President Biden appears to be dithering on his college debt cancellation plan. He is supposedly ready to forgive $10,000 in student loans for households earning less than $300,000 per year. Democrats hope such a jubilee will reverse the president’s plummeting polls and bolster their chances of a midterm election. Still, Biden has not officially announced the plan. Politico a chalked the delay of the “deliberative” process of the president.
You don’t have to deliberate long on this topic to realize that debt forgiveness is regressive and unfair, and better solutions are found in charter schools and high-quality apprenticeships to reverse runaway college debt.
Canceling student debt does nothing to solve the underlying problem that caused it in the first place: skyrocketing tuition and fees, which have increased by 180% over the past 20 years. Canceling these loans rewards universities’ aggressive and opaque pricing practices at the expense of taxpayers, which exacerbates college unaffordability.
Debt cancellation also plays fools those who have worked hard to repay their loans. Taxpayer forgiveness of student debt transfers wealth from the working class to the college-educated upper class. This incentivizes current students to take on more debt to fund their education, assuming it will be forgiven.
“In the long history of the global debt cancellation debate”, write economists Phil Gramm and Mike Solon in the Wall Street Journal, “few have ever had a weaker case than America’s student loan debtors.”
A better way to deal with outrageous student debt is to make it unnecessary in the first place by providing young Americans with viable alternatives to the traditional college system. If teens and young adults can gain the knowledge and skills to succeed in the economy, they won’t need to take on massive college debt as a prerequisite for working. Alternatives are especially needed given that so many students graduate from college without marketable qualifications.
Many charter schools, which are usually publicly funded but run by alternatives to public schools, offer demanding programs that prepare students for college or work once they graduate. secondary. Charter school graduates can choose to continue their education, and often do, but they don’t have to. And they certainly don’t need to go into debt tens of thousands of dollars for liberal arts degrees of limited value.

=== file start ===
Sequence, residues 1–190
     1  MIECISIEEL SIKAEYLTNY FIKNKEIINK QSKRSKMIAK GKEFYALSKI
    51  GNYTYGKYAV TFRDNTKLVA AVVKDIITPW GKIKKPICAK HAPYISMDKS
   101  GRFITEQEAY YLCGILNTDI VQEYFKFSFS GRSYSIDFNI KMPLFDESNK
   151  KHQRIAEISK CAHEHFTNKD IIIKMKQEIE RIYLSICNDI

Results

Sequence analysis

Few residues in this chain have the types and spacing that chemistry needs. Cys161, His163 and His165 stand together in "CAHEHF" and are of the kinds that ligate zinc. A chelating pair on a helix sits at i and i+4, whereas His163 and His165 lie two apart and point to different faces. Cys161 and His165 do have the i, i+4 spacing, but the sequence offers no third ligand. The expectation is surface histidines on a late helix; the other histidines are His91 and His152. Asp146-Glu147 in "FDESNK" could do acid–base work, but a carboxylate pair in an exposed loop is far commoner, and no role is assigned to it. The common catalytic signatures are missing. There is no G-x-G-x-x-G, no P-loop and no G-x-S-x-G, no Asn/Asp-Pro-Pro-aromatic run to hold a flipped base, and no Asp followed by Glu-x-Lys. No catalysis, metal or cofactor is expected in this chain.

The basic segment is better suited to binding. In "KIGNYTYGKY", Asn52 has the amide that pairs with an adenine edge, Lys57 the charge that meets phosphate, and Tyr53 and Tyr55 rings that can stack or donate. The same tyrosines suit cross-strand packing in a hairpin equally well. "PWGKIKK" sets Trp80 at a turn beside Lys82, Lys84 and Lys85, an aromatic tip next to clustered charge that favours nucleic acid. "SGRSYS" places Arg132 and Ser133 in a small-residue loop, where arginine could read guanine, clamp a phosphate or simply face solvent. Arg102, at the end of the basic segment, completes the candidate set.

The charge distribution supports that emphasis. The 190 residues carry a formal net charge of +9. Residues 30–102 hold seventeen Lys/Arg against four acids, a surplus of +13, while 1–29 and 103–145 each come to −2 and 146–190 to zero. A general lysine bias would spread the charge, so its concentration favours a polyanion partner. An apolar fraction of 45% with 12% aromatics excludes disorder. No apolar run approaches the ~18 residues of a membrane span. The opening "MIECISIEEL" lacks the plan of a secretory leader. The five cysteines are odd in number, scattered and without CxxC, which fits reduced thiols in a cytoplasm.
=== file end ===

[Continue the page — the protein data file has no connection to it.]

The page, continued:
The educational benefits of high quality charter schools are clear. The school choice movement in Florida, for example, has transformed the state from a national public education laggard to a leader. Unfortunately, since charter schools are a threat to powerful teachers‘ unions, Democrats on their payroll are pushing hard for regulation of their growth. For example, the Biden administration recently released new rules making it more difficult to open charter schools.
Another effective solution to help young Americans succeed in the job market without needing to go to college is industry-led apprenticeship programs that educate entry-level employees on the job. Apprenticeships eliminate the need for expensive college degrees that require years of study. Apprenticeships generate secure employment, early financial independence and tangible skills that make workers highly valued commodities. Rather than entry-level $15-an-hour jobs, apprenticeship programs can easily lead to $50,000-a-year careers that project young workers into the middle class.
US policymakers can reinforce learning by holding the private sector accountable. Unfortunately, last year the Biden administration repealed a decree released by President Donald Trump that expanded industry-led apprenticeships and removed unnecessary red tape preventing entry-level workers from gaining access. Instead, Biden doubled down on the bureaucratic big-work, big-government approach that has been inadequate for generations of young working Americans.
Given that Biden hasn’t officially announced his college debt relief plan, there’s still time for more sensible solutions like expanding charter schools and apprenticeship programs to prevail. They offer a significant advantage to entry-level workers over unfair and counterproductive student debt forgiveness. The fact that they also provide a college loan crush loophole is an added bonus.
Erika Donalds is the President and CEO of Optima Foundationa non-profit organization that supports the creation and expansion of quality charter schools, and a member of the Job Creators Network.